An Easy Guide to Conditioners for Natural Hair

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By: Vivian Ige, Contributor

As you might already know, one of the keys to great hair is using the right products and that starts with choosing the right shampoo and conditioner for your natural hair. We know that if you’re new to natural hair finding the right products can be daunting. So we’ve rounded up the essentials for choosing the right conditioner. Also check out our guide for choosing the right shampoo.

The point of a conditioner is to replenish some of the moisture that has been stripped from your hair by shampooing and help you retain some moisture by closing your cuticles (the scaly outer layer of a strand of hair). There are generally two types of conditioners to choose from–rinse out conditioners and leave-ins. Rinse out conditioners are used immediately after shampooing and are typically washed out right away. They can also be very effective by way of deep conditioning if you leave them in for several minutes before washing out. Meanwhile, leave-in conditioners aren’t washed out at all and can be used throughout the week to refresh styles and seal moisture throughout your strands and ends. Whether you choose a leave-in, rinse out or both, really depends on your hair texture and the type of hair regimen your lifestyle can support. But in either case, there are key ingredients to look for an one key quality.

You May also like: Natural Hair 101, Getting Started + Sample Hair Routines

Ingredients to Look For

Water as one of the main ingredients

I’ve been natural for about eight years now and I frequently get asked what the best moisturizer is. My response is usually, honey, it’s WATER. We condition to bring back the moisture that’s been removed after washing our hair, right? How can we properly do that without water? Water is moisture incarnate. If water is the first or one of the first items on a conditioner’s ingredients list, it’s a wonderful sign!

Minimal or zero sulfates/parabens

Sulfates are cheap substances that provide lather and remove grease from our hair. Some sulfates are even known carcinogens and can cause skin irritation. The most popular sulfates that pop up on ingredient lists are: Sodium Laureth Sulfate, Sodium Lauryl Sulfate, Sodium Lauryl Ether Sulfate. Meanwhile, parabens are preservatives that are found in hair and beauty products. Most parabens contain the prefixes, methyl, or propyl. Minimizing how much and how often you’re exposed to these substances will keep your hair from being completely stripped of moisture.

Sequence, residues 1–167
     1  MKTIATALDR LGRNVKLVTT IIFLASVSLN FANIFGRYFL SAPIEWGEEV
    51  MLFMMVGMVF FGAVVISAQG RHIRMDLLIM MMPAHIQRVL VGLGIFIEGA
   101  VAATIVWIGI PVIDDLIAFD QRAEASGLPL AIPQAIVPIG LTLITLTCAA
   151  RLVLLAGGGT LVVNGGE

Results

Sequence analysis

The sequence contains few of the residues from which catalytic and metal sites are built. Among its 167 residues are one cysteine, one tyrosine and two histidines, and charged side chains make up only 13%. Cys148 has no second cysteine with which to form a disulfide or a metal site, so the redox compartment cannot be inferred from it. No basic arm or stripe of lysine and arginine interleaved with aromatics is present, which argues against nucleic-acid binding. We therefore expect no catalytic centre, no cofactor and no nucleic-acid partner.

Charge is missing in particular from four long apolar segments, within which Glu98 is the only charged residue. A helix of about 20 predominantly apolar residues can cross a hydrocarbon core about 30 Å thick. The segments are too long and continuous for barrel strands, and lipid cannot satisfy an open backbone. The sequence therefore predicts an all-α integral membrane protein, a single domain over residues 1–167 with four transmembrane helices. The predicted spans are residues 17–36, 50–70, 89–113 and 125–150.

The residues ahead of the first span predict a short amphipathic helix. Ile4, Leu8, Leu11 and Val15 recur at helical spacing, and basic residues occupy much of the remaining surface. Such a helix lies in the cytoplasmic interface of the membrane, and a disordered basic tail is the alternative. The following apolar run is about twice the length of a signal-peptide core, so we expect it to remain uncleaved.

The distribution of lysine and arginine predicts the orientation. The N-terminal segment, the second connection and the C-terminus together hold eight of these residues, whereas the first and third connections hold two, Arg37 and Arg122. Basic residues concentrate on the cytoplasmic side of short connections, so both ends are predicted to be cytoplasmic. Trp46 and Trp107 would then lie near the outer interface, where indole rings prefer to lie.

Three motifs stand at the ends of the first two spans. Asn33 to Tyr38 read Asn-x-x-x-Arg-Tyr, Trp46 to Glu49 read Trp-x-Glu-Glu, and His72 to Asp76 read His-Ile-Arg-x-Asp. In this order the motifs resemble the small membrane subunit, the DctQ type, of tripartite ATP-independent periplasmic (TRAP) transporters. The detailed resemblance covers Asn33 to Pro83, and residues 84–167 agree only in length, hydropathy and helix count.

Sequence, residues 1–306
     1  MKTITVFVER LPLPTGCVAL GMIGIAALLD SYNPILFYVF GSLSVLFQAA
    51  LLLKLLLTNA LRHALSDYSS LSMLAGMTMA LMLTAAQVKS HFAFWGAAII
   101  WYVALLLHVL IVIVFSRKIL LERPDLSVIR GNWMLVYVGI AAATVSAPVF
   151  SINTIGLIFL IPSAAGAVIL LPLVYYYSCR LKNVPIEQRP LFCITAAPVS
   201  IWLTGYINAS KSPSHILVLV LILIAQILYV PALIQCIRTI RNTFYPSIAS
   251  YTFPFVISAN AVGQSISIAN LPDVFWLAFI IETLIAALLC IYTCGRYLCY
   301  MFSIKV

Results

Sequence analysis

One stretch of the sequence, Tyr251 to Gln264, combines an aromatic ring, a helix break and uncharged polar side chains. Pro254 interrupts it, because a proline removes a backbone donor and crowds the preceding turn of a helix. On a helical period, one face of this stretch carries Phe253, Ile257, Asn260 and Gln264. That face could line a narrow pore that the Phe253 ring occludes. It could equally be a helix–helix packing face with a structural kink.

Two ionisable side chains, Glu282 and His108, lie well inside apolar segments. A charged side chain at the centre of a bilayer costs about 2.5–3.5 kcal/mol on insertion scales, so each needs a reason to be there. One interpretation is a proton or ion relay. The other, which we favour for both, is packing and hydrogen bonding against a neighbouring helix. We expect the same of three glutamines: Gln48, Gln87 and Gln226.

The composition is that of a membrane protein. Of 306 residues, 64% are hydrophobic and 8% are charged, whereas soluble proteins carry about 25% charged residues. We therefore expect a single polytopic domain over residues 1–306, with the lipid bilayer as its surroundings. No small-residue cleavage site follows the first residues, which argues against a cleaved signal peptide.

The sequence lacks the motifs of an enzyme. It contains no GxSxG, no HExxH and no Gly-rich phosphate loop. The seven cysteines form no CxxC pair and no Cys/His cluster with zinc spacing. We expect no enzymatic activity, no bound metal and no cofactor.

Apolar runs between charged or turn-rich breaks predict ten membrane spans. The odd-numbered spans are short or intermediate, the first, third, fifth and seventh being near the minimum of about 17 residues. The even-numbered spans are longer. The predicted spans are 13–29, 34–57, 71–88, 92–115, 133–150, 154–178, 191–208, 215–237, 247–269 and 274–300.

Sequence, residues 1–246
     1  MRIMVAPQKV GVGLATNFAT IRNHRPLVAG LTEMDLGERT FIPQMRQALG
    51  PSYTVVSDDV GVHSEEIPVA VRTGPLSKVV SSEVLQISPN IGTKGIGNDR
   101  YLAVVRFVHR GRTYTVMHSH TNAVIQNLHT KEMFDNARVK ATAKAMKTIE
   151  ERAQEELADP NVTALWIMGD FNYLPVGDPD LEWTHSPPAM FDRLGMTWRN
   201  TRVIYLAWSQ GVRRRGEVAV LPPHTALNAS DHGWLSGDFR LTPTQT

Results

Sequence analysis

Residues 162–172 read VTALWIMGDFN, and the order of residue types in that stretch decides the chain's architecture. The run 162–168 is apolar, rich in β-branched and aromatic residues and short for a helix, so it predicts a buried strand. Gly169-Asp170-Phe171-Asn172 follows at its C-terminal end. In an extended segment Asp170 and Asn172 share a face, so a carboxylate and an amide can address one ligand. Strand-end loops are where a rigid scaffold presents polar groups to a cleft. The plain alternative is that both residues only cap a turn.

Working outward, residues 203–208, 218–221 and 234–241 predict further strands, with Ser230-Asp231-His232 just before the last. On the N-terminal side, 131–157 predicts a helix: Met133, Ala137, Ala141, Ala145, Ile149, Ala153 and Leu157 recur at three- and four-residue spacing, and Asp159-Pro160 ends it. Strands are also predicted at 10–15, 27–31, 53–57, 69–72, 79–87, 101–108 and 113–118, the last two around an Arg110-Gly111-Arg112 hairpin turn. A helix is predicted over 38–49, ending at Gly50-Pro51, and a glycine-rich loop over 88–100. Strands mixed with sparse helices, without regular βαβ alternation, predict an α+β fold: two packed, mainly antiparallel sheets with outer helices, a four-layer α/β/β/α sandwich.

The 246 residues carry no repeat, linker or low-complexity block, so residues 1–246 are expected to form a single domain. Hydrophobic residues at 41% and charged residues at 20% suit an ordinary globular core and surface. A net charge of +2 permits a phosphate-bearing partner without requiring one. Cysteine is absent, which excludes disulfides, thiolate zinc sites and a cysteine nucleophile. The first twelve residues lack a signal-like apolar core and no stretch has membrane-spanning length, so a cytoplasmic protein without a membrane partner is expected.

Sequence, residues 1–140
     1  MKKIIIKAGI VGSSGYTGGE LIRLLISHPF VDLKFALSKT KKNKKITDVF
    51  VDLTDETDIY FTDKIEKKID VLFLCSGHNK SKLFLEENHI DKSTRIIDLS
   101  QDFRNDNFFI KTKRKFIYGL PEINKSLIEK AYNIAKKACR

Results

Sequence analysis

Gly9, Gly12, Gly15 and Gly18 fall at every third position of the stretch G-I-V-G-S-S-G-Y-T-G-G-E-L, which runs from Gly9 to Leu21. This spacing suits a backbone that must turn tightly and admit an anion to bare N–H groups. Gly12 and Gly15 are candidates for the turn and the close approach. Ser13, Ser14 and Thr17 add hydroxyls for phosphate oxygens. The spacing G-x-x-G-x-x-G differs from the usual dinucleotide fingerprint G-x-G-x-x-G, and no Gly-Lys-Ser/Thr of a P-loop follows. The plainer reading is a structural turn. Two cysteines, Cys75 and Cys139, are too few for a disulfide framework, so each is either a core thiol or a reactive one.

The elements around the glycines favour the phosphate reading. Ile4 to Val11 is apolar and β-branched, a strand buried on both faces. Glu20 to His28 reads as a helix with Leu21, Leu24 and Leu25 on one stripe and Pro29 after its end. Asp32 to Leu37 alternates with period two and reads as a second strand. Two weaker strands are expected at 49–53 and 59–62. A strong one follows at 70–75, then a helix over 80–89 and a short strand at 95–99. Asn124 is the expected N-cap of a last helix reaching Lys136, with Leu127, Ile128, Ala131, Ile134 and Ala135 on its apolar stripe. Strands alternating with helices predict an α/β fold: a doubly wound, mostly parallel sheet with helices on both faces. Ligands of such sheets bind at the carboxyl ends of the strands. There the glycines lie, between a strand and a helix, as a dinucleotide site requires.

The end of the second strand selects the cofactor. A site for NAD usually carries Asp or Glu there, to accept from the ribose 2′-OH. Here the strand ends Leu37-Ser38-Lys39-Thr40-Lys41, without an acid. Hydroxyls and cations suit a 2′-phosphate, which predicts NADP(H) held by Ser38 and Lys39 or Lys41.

Natural oils

coconut-oil-conditioner

Natural oils like avocado oil, olive oil and coconut oil can do wonders for your hair, no matter the hair type. Although oil isn’t a moisturizer, it’s great for sealing in moisture. Any conditioner that incorporates natural oils will most likely aid in decreasing frizz and add some shine. The more oil, the better! Learn more about oils here.

Humectants

Humectants are substances that attract moisture to your hair and can help retain more moisture over time. This can be great if you live in a humid climate. People in dry climates can benefit but they should not try to overuse humectants because that can lead to more frizz and breakage. Whether or not humectants can help or hurt your hair depends on the porosity of your hair and the climate you live in. Curly Nikki has a detailed explanation about humectants. But moderation is always key whenever you incorporate any product no matter how beneficial they may be, which is a great rule of thumb to follow when it comes to Humectants. Humectants that are found in conditioners include: Glycerin, honey, hyrdrolyzed silk and wheat protein. You should always seal products that contain humectants with an oil or butter in order to prevent moisture from escaping your hair.

Protein

Our hair is made up of small keratin fibers. Keratin is a protein that needs more protein to stay strong and healthy. However, there are some people that are protein sensitive because each protein reacts differently with every individual’s hair. In general, hydrolyzed silk and wheat are really great proteins for our naturally kinky and curly hair among some others. Curly hair types are usually classified as low porosity and thus silk and wheat protein are able to attach to this type of texture. Learn more here.

Besides Ingredients….

Slip

Besides the right ingredients an important trait to look for in a good conditioner is slip. Slip is best described as the loose creamy feeling some products have that allows you to easily run your fingers through your hair. Conditioners with great slip usually weigh your hair down and allow you to remove tangles you may have. Garnier Fructis’ frizz free conditioner and Cantu Leave-in are great examples of conditioners with great slip.

In sum, the best conditioners will probably be very creamy, and have natural ingredients which will in turn contain proteins, humectants and oils. Having naturally curly kinky hair can be wonderful and I hope you find what works for you and decide how frequently you will use any conditioner, be that a leave in or rinse out. To make the process of choosing a conditioner even easier for you, we’ve created a handy wallet-sized cheat sheet to for your next trip to the beauty supply aisle. Download it below.

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